Infrared meaning

ĭnfrə-rĕd
Of or relating to electromagnetic radiation between microwaves and red visible light in the electromagnetic spectrum, having frequencies between 300 gigahertz and 400 terahertz and wavelengths between 1 millimeter and 750 nanometers.
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Generating, using, or sensitive to infrared radiation.
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Infrared light or the infrared part of the spectrum.
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Designating or of those invisible rays just beyond the red end of the visible spectrum: their waves are longer than those of the spectrum colors but shorter than radio waves, and have a penetrating heating effect: used in cooking, photography, etc.
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Relating to the invisible part of the electromagnetic spectrum with wavelengths longer than those of visible red light but shorter than those of microwaves.
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An invisible band of radiation at the lower end of the visible light spectrum. With wavelengths from 750nm to 1mm, infrared starts at the end of the microwave spectrum and ends at the beginning of visible light. Infrared transmission typically requires an unobstructed line of sight between transmitter and receiver.Widely used in most audio and video remote controls, infrared transmission is also used for wireless connections between computer devices (see IrDA) and a variety of detectors (see IR detector).Infrared Can Be Anything Below RedInfrared means "below red," and red frequencies are at the bottom of visible light. Therefore, infrared may refer to any type of invisible electromagnetic radiation below visible light, including AM, FM and TV. See infrared imaging, infrared wavelengths, IR remote control and IRED.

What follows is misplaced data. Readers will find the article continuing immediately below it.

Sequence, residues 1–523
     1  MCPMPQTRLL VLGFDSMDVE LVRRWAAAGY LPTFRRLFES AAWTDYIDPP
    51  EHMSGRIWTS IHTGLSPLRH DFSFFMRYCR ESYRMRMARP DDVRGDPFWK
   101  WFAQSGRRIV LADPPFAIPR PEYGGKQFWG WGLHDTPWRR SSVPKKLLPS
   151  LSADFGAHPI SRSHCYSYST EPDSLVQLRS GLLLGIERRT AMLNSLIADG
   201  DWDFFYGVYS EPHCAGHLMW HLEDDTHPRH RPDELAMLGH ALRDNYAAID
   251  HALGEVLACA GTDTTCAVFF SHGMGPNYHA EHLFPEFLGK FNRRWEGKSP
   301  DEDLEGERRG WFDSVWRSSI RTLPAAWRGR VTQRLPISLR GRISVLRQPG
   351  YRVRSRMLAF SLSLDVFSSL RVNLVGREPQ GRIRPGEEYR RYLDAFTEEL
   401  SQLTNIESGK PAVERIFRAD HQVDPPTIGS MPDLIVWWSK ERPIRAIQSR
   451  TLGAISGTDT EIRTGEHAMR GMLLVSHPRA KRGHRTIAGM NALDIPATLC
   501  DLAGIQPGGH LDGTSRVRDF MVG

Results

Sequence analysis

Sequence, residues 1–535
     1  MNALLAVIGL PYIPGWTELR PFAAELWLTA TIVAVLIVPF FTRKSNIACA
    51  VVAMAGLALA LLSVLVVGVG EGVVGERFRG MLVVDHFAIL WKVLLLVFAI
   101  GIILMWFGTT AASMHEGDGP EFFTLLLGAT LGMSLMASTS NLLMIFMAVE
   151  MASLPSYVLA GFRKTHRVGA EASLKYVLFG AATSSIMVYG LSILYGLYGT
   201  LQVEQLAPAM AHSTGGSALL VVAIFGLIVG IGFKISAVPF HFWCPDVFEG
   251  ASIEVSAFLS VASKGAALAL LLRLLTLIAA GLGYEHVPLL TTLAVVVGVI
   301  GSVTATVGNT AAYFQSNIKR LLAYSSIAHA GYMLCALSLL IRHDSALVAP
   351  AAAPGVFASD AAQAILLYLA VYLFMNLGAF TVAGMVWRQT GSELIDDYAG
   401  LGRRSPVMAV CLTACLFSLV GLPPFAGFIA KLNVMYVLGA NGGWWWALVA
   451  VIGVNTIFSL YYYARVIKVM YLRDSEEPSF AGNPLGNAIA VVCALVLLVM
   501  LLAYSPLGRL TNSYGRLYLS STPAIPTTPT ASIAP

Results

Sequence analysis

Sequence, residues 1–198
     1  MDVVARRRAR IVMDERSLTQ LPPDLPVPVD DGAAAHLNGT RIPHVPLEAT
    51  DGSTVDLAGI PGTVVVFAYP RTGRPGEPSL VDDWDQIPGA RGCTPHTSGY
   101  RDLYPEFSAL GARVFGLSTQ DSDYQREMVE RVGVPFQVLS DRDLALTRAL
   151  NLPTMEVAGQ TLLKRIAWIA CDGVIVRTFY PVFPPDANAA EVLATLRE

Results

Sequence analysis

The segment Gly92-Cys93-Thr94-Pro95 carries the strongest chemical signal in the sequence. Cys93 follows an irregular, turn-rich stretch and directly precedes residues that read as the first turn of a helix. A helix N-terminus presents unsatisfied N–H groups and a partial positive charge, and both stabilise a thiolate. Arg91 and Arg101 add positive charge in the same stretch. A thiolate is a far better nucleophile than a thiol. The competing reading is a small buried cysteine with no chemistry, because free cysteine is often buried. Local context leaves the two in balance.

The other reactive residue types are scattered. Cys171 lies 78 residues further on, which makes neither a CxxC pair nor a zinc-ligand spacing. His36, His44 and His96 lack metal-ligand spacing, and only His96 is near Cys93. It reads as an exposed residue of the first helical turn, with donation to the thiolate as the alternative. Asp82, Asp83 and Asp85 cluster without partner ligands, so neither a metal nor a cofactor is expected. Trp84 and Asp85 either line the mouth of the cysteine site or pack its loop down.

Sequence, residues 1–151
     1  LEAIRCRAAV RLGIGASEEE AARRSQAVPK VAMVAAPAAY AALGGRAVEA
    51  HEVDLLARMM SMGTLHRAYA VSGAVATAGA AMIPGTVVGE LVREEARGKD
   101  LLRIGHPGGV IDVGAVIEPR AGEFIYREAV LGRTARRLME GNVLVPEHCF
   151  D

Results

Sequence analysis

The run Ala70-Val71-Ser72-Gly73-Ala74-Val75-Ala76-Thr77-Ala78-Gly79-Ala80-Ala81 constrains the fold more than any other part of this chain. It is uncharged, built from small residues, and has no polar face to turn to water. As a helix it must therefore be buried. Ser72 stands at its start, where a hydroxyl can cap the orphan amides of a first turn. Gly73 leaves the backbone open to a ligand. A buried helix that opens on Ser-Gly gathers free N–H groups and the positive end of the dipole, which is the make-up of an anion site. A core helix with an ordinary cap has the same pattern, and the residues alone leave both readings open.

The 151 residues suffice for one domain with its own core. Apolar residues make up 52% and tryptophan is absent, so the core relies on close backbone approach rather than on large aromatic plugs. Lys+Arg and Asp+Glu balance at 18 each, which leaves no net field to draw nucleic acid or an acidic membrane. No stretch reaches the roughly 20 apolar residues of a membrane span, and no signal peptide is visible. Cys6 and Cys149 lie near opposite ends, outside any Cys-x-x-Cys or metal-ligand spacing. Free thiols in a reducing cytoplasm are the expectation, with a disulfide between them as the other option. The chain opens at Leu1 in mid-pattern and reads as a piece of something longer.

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See IR.
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Electromagnetic radiation of a wavelength longer than visible light, but shorter than microwave radiation, having a wavelength between 700 nm and 1 mm.
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Having the wavelength in the infrared.

Infrared light.

Infrared waves.

Infrared radiation.

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In the infrared spectrum.
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The definition of infrared is light rays which are longer than light but shorter than radio waves.

Electromagnetic radiation with a wavelength between .7 and 300 micrometres is an example of infrared.

A camera that can detect these wavelengths is an example of a camera that reads infrared.

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Origin of infrared

  • Latin infra, below, + red

    From Wiktionary